Mesopotamian Ziggurats Homeschool Lesson

Mesopotamian Ziggurat

In this homeschool lesson about Mesopotamian ziggurats we will explore what ziggurats are, where and when they were built and by whom. We will then investigate why ziggurats were built, looking into depth at the Anu Ziggurat and White Temple at Urek.

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Mesopotamian Ziggurats

To recap so far, the hunter gatherer Natufians first settled in the Levant region leading to the development of cultures such as the Samarran culture, the Ubaid culture and the Halaf culture.

Read More: Natufian People – the very first known settled hunters and gatherers, who lived in the Levant region of Mesopotamia during the pre-pottery Neo-lithic Era


Eridu was an example of an Ubaid village, an advanced precursor to the eventual larger towns found near to the Mesopotamian rivers, the Tigris and Euphrates. Beginning as a village settled on marshlands, Eridu was provided with excellent soil nutrients vital for crops to succeed. As the marshland dried out, the Ubaid people needed to find a way to supply the fields with water throughout the year. They learnt to irrigate using dug out irrigation channels. Requiring much organisation, officials were appointed to oversee the work, much like Gobekli Tepe, although these workers and officials lived nearby.

Take a look: I have written a post about the fascinating Gobekli Tepe and another on some of the art found there #firstevergrafitti

This type of hierarchy allowed the development of larger villages. Each village would adopt one particular god to be ‘their’ god, leading to the creation of, at first, simple shrines which eventually grew in size to become small temples, always built on the same spot. Each new temple would be built on the remains of the one before, with the older temple being encased in a rectangular platform.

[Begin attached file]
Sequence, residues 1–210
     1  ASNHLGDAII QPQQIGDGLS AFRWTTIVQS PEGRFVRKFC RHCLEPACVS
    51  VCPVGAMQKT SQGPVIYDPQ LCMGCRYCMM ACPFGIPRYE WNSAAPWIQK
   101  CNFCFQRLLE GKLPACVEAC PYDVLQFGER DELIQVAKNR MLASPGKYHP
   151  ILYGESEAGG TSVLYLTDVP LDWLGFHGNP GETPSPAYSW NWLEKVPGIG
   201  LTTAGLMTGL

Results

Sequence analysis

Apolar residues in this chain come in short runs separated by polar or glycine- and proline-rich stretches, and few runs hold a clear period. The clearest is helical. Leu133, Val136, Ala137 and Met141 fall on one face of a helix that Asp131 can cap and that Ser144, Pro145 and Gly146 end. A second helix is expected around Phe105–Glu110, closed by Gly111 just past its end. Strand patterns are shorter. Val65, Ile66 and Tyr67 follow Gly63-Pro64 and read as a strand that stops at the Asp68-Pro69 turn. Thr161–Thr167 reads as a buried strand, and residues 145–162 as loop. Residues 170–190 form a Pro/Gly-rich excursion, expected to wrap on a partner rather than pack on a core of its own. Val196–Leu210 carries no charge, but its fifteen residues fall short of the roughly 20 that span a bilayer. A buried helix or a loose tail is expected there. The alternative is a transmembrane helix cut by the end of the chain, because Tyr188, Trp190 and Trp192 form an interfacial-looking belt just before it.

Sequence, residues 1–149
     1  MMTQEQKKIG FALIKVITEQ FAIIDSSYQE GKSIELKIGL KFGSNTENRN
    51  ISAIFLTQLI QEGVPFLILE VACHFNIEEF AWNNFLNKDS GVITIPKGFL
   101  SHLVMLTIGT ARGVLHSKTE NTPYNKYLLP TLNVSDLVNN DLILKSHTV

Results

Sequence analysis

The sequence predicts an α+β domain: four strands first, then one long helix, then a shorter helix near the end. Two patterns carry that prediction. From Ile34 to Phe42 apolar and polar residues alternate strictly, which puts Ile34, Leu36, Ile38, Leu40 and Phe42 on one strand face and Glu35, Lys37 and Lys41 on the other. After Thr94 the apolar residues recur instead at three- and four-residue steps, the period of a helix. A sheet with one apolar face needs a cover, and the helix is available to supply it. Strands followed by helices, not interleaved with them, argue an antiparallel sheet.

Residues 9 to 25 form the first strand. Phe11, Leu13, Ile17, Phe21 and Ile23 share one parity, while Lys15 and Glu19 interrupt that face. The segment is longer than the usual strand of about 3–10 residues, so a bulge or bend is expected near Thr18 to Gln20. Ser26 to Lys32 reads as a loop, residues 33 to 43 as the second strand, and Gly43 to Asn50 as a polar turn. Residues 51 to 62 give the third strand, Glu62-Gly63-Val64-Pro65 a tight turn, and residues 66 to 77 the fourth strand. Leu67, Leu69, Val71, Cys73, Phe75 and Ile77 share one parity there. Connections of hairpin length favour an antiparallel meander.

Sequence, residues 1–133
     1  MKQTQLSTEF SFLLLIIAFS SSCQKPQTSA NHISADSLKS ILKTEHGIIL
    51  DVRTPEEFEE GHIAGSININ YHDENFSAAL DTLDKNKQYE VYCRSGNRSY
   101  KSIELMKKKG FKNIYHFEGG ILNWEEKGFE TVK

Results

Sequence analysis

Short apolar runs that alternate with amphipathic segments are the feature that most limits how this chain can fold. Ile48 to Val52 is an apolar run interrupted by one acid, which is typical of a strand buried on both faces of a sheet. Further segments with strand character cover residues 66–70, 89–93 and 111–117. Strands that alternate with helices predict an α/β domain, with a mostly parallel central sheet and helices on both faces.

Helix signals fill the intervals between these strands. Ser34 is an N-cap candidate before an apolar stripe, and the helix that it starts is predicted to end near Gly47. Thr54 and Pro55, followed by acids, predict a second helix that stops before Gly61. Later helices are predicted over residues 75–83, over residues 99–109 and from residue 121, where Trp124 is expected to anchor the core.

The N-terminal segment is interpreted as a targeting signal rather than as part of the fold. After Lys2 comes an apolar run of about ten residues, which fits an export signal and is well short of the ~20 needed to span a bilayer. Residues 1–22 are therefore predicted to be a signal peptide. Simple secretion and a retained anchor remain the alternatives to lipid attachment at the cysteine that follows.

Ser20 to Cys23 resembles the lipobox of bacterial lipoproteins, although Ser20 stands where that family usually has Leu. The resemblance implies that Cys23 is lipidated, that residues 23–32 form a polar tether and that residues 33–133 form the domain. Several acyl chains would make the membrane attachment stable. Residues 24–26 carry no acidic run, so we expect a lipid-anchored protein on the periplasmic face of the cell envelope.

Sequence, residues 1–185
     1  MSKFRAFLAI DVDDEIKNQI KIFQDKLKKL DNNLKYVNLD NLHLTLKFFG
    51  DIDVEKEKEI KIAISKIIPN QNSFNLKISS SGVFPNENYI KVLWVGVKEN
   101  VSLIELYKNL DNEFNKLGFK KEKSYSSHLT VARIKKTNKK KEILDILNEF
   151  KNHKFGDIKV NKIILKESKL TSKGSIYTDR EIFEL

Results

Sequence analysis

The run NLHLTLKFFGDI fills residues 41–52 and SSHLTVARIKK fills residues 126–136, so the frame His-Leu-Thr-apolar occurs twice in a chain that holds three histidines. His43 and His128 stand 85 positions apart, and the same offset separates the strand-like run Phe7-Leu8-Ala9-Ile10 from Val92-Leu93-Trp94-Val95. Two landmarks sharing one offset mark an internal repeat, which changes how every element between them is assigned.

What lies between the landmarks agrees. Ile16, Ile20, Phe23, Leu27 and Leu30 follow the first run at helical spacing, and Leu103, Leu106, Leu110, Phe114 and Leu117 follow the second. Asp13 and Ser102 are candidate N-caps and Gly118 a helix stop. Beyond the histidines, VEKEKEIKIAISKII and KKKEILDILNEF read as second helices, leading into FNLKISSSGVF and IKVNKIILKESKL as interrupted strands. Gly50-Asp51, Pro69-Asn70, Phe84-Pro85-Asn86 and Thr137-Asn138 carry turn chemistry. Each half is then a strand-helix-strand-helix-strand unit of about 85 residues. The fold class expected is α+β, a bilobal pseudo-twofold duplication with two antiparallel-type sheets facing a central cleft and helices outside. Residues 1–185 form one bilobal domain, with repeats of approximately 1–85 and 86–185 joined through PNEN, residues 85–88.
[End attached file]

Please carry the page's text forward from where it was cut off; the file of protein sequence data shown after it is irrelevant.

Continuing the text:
Urek was situated further up the River Euphrates on the opposite bank. The biggest city of its time, Urek thrived between 3800-3100 BC. It was 640 acres, surrounded on all sides by a wall. It contained two temple precincts. The first was dedicated to the goddess of love, Inanna. The second was dedicated to the god of the heavens, Anu. These were the first Mesopotamian ziggurats.

Do check out my MEGA Mesopotamia Unit Study post to find out how ziggurats fit into the history of Mesopotamia. This huge post has lots of printable, videos, science experiments and, as always, stacks of suggestions for easy hands on activities you can do with your children! I am always adding new stuff to this post so do go and check it out.

Find out more: I also have a YouTube account where I post videos focused on history unit studies and particularly videos containing instructions on how to make a wide variety of artefacts from the Mesopotamia region.